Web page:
The impossibility of walls

So things are gradually progressing.

After a mere 5 coats (5!) our front door is adequately painted. I realised after about the 3rd coat with pathetic coverage that we really should have sprayed it. Of course, the challenge would have been getting a colour match for the colour we’d chosen… Or, I suppose we could have got a spray gun for the acrylic paint. Either way. At the end of the day, it looks pretty good.

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5 sodding coats

We also sprayed the frame a sort of bronze (dark walnut), which matches the windows pretty well.

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It’s not perfect by any means, and on the back of the house where the frames are all easily visible in line, I think we’ll use some of the touch-up spray we have for the windows to get a closer match by throwing a thin topcoat of bronze over the brown.

Inside the mudding and taping is more or less done. There’s an n’th coat to do on the ceiling above the lounge, and the second bedroom / office has much of it left to tape / mud (because we’re using it for storage). But all the rest of the house is mudded and taped. Now comes the pain of sanding. Most of it we’re hoping to get away without sanding (at least this coat), just taking off any really high spots because we’re going to skim it. At least that’s the theory.

The ceilings however, they need sanding at the very least. We’ve skimmed a chunk of the top – which attempts to ameliorate the change in pitch caused by adjusting elsewhere for unsquare framing, and the exterior walls being variable distances from the peak. The skim does make it less obvious, but needs a lot of sanding. A lot. Which given how long and how tiring it was to sand the little bit of hall ceiling that I did today is… not something to look forward to. I am thinking perhaps we should invest in a proper drywall sander, given that they’re only $100.

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This ‘Level 4’ finish is what we’re hoping to get away with, but we’ll have to try painting it and then see how it looks. Apparently on ceilings it can be more obvious that there are multiple unevennesses. So we may end up covering all of it in compound and flatting it back. Of course, the front hall was so shoddy anyhow, that for big chunks of it it’s effectively covered side to side.

We’ll see.

The bathrooms are more-or-less done on mudding (in this case thin-setting on the walls and ‘mud’ on the ceilings). There’s a need for a bit more thinset around the shower-shelves, in which I’ll probably embed some more mesh (I’ve got loads extra anyhow).

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These obviously need sanding on the ceilings, then the whole kit and caboodle needs painting – ceilings with ceiling paint, and walls / floor with waterproofing goop.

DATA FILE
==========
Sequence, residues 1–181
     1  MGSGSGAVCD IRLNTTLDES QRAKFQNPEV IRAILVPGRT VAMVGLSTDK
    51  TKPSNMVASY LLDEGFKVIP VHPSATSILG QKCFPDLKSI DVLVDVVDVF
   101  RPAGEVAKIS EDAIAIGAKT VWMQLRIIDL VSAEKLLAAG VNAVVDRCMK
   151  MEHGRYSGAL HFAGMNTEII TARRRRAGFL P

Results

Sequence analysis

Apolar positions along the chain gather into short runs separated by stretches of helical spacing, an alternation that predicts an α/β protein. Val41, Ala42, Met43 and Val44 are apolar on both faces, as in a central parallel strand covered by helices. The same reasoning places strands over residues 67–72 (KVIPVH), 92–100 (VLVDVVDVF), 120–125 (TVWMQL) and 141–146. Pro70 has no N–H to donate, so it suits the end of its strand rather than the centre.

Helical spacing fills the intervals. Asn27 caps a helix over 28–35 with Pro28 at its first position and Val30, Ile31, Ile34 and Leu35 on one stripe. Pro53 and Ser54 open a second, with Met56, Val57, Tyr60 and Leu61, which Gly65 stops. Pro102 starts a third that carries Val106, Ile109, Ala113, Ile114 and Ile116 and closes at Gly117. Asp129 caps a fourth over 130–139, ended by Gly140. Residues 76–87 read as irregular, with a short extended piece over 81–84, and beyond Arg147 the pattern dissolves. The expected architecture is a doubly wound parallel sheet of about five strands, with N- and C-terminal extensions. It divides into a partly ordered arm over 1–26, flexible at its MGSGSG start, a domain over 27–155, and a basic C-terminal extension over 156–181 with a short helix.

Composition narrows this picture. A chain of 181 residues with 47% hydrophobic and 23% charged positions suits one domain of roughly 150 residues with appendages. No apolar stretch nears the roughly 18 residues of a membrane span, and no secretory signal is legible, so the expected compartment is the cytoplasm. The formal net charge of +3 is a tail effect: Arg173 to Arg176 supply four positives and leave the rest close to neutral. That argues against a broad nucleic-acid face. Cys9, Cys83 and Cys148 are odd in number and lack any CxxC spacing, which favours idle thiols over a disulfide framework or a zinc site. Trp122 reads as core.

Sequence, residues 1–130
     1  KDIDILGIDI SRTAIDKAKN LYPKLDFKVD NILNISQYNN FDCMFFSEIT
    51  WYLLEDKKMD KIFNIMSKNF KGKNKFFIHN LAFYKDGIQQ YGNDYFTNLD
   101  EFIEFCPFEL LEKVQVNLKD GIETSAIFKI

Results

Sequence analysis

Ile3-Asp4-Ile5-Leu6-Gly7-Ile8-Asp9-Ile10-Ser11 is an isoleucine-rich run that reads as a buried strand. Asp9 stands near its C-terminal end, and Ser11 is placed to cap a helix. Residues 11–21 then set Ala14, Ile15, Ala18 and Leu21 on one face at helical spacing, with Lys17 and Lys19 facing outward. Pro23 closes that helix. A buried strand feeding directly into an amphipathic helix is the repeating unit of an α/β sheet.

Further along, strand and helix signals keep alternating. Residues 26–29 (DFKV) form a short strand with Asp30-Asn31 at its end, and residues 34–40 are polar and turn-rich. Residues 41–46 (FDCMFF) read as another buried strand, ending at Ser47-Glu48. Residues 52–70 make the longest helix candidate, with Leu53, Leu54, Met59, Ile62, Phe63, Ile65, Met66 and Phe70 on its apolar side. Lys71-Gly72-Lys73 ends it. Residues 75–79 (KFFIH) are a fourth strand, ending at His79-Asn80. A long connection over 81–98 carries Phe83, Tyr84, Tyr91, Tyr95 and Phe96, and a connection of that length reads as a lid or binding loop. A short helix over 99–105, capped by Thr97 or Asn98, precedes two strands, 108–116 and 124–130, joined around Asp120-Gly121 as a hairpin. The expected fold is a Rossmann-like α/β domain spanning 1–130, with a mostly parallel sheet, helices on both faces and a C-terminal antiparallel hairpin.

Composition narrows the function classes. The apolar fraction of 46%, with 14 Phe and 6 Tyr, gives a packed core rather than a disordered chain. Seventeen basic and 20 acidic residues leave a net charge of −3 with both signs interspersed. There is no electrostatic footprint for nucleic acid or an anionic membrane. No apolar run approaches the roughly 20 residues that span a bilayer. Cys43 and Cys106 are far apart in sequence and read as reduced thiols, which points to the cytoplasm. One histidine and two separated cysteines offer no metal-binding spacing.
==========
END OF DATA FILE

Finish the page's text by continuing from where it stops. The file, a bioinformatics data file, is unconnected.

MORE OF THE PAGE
Mind, the en-suite has to wait until the floor is down before gooping, because the goop makes a waterproof membrane which is what allows that to be a wet room. Irritating, because that room we actually have a toilet for, so if we could get all the plumbing pipes and heating down in there, it’d be nice to have an indoor toilet.

The biggest hurdle (other than time) is wall finish.

We wanted to use a substance called Murco M-100. This is a hypoallergenic joint compound a friend is using as a wall finish. But it’s made in Colorado and sold in the mythical land of Cal-I-Forn-Iay. A place from which it is almost impossible to obtain things. At least at a reasonable cost. The local supplier who sold it for $12/bag closed, as did the one in Portland. The only local place we can get it from now quotes $38 a bag, then tacks on the $300 shipping, which would put up the cost for our house by $1300. Which hurts. A lot.

Now our friend has a friend visiting from this mythical place who could bring up some Murco, but that means making the decision now. Right now. Before we’ve played with it ourselves.

Given the endless phonecalls, and the requirement to sacrifice the first-born goose from the leader of a gaggle under a waxing moon on the 32nd day of July before we could order Murco, we decided to get a natural plaster book. That and having discovered that lime is readily available around here, relatively cheap AND there are techniques that allow you to put less earth-destroyey plasters over drywall.

Nice, we thought.

Only, yes, you can get Lime. That’s easy. You can get sand. Probably. Although lime plaster is apparently pretty picky about sand and to quote the guy at the Masonry Supply place I went to “no one really does that stuff anymore”. But I think sand should be doable.

But it also wants things like “hemp fibre”. Which you can’t get locally, which means ordering it online. Which means paying shipping.

And that’s irritating, because what we really want is a small amount to work out if we want a large amount, but what we’re probably going to end up doing is getting much more than we need and then concluding the lime plastering is waaay to hard. Then we’re going to have to work out some other plan.

Either that or we’ll get a little bit, realise it’s perfect and then need to order a lot. Because we have a lot of wall. And a lot of corners. Because we are insane and made our house incredibly complex.